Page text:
Theories of accelerating change state that as technology is able to do more and do it ever more efficiently, the periods between these advancements become exponentially smaller. Engines, microprocessors, and software became vastly more efficient every decade and then every year and now every season.
Given our broader, global entanglement with these technologies and the ways in which they allow us to materially interface with the world we live in, these patterns of accelerating change become visible in social, political, economic, and emotional spheres. If we are to judge the nature of futurity by its qualities of next-ness, or not-yet-here-ness, or by the accelerated pace of change within these spheres, we are quite literally closer to the future than we've ever been before.
Accordingly, this changing relationship with the future has also changed our relationship to speculative, or, so-called "science"-fiction. Living on the precipice of futurity inevitably changes the way we talk about the present. Science-fiction has increasingly become a site of explicit conversation about what it feels like to (already) live in the future.
For the latest presentation by the Faustus Group, the question is: What does it feel like to live in the future?
9:00pm - Emotional Bandwidth Solutions by Claire L. Evans
“Emotional Bandwidth Solutions” is a lecture originally commissioned by the Hirshhorn Museum and Goethe-Institut that explores digital relationships. Claire L. Evans proposes concepts for the quantification and management of the heart online.
9:30pm - Future Late Capitalism by Martine Syms
“Future Late Capitalism” is a talk about speculative forms of capital as seen in the films "Back to the Future Part II," "Minority Report" and "In Time." Martine Syms uses these Hollywood blockbusters as a starting point to discuss her ongoing research on the market as a site of interactivity.
Throughout the evening:
, Paul Salveson has created a sculpture involving a Kurzweil rack synthesizer that plays mathematically modulated sound out of a sculpted earpiece.
During the month of January, The Faustus Group will hold film screenings selected by the above participants. A limited number of collaborative print editions commemorating the event will be available on opening night. Please contact the gallery for details.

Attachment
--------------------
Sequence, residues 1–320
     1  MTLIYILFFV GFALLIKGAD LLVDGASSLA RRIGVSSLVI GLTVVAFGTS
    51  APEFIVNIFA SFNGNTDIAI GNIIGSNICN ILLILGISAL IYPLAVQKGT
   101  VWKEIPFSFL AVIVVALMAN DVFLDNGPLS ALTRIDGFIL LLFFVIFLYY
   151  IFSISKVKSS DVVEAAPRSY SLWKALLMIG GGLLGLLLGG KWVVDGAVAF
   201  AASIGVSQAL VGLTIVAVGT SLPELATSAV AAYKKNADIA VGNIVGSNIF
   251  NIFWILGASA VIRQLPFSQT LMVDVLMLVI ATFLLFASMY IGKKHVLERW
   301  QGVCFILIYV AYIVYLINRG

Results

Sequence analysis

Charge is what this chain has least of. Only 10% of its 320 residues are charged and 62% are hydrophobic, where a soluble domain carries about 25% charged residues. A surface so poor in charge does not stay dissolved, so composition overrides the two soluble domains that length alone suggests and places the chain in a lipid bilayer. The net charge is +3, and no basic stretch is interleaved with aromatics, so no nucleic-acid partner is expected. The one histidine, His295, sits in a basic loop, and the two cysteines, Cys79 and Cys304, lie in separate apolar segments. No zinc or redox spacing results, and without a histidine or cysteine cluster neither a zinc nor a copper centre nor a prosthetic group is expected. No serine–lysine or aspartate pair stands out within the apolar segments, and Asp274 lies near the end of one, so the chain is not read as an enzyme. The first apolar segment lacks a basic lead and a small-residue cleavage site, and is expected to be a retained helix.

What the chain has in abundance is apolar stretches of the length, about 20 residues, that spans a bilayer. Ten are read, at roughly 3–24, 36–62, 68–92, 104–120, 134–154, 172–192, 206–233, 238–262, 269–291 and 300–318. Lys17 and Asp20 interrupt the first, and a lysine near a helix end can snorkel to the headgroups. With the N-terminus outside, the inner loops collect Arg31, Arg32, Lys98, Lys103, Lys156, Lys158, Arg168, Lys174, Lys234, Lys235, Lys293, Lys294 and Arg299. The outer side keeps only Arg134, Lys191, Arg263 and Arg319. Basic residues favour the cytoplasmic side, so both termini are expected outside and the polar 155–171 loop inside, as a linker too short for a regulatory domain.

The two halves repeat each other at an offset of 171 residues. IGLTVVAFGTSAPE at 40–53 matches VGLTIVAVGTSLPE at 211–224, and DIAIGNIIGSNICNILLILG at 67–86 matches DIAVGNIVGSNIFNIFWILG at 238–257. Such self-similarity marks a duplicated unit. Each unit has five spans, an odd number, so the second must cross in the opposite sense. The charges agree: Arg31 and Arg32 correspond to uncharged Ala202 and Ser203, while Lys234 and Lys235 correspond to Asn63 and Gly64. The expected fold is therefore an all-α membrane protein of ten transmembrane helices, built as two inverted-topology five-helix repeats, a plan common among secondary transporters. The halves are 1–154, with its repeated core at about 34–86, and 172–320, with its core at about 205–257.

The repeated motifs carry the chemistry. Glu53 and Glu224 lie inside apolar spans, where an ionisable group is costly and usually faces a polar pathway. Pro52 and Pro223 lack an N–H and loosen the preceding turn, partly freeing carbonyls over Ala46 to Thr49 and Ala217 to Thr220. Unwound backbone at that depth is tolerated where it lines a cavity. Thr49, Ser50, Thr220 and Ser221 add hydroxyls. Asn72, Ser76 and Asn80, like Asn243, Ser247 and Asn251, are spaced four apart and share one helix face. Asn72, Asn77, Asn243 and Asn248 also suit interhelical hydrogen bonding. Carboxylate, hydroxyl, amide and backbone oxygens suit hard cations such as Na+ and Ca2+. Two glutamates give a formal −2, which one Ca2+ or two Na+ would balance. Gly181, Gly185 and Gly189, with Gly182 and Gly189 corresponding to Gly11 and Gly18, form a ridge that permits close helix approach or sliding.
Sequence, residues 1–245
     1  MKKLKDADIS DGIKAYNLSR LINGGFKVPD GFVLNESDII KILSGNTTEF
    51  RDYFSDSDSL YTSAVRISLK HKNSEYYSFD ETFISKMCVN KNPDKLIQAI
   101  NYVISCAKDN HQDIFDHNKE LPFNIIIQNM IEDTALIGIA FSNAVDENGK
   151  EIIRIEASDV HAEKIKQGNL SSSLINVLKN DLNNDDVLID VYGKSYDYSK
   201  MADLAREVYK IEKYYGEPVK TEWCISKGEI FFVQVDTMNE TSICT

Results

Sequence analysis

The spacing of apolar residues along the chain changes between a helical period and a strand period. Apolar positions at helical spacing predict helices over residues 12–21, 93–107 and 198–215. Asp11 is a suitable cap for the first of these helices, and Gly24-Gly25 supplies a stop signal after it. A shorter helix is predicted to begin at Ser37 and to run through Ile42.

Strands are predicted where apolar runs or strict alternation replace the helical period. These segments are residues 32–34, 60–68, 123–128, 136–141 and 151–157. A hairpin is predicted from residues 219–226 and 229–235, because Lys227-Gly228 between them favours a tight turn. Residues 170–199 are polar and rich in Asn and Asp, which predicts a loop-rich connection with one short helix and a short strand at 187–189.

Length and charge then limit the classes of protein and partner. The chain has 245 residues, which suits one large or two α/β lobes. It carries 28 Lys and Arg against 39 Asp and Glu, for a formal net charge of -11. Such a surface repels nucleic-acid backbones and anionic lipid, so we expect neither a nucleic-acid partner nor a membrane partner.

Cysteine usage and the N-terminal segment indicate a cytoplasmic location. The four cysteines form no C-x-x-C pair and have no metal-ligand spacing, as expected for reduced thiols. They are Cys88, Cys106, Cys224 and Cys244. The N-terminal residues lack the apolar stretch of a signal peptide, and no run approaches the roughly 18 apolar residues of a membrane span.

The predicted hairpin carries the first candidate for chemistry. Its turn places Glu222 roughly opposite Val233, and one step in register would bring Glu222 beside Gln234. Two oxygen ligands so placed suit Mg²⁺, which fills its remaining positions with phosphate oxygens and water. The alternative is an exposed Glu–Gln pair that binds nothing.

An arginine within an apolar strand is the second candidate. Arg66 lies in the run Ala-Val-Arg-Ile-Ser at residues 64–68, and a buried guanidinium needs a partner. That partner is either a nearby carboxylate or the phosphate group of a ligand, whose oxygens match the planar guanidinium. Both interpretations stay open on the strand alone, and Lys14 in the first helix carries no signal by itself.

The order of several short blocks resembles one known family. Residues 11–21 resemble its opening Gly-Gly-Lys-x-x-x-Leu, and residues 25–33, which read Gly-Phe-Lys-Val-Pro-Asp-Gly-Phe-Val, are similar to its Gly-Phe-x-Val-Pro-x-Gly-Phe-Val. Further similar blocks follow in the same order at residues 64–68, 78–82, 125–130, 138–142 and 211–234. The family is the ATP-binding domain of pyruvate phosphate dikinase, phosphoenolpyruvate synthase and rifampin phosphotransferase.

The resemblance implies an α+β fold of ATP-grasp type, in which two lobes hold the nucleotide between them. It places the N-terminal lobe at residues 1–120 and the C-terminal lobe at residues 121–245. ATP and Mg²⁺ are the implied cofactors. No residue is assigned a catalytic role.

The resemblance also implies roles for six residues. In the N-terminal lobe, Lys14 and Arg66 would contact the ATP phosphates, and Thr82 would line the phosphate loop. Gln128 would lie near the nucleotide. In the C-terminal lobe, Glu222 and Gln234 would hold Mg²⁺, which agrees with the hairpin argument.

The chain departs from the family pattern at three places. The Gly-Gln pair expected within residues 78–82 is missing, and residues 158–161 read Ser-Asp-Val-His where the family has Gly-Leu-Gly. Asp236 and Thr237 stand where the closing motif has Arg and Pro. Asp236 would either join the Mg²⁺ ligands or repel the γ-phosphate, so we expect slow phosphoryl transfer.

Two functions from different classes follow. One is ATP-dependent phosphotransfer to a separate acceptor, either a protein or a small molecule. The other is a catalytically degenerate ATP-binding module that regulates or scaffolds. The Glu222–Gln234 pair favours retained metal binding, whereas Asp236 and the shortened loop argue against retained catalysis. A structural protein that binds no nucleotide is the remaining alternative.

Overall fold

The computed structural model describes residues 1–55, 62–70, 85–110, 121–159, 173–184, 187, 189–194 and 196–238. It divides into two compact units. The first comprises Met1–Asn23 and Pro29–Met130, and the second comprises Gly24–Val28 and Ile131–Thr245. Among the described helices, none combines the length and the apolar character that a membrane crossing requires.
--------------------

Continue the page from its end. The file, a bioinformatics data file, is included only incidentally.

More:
Claire L. Evans is a writer and artist working in Los Angeles, California. She is the singer and co-author of the conceptual disco-pop band YACHT, which recently released its fifth album, Shangri-La, on DFA Records. Her blog, Universe, which addresses the synchronies between art, science, technology, and the cultural world, was selected for Open Lab's 2012 anthology of best science writing on the web, and she regularly participates in panels and screenings on the subject of science and culture. She has given presentations at the Kitchen, MoMA PS1, and the Hirshhorn Museum, spoken about extraterrestrial life at the Rubin Museum's BRAINWAVE series, and co-authored a book on interdisciplinarity in the arts, NA/SA: New Art Science Affinities.
Artist and musician Paul Salveson lives and works in Los Angeles. He grew up in Virginia, studied photography at Bard College, and is currently an MFA candidate at the University of Southern California. His works have been shown at MoMA PS1, Swiss Institute, the Prague Biennale and in Blindspot Magazine. He has recently contributed a project to the online platform, Parallelograms.
Martine Syms is a conceptual entrepreneur based in Los Angeles, California who grew up going to punk shows and watching lots of television. Her work focuses on the relationship between commercialism, identity and experience. She helps institutions, businesses and artists advance culture.
Visit the Faustus Group here: http://samdavis.us/projects/faustus-group/
Gallery Hours: Saturdays 12:00- 5:00pm, and by appointment.
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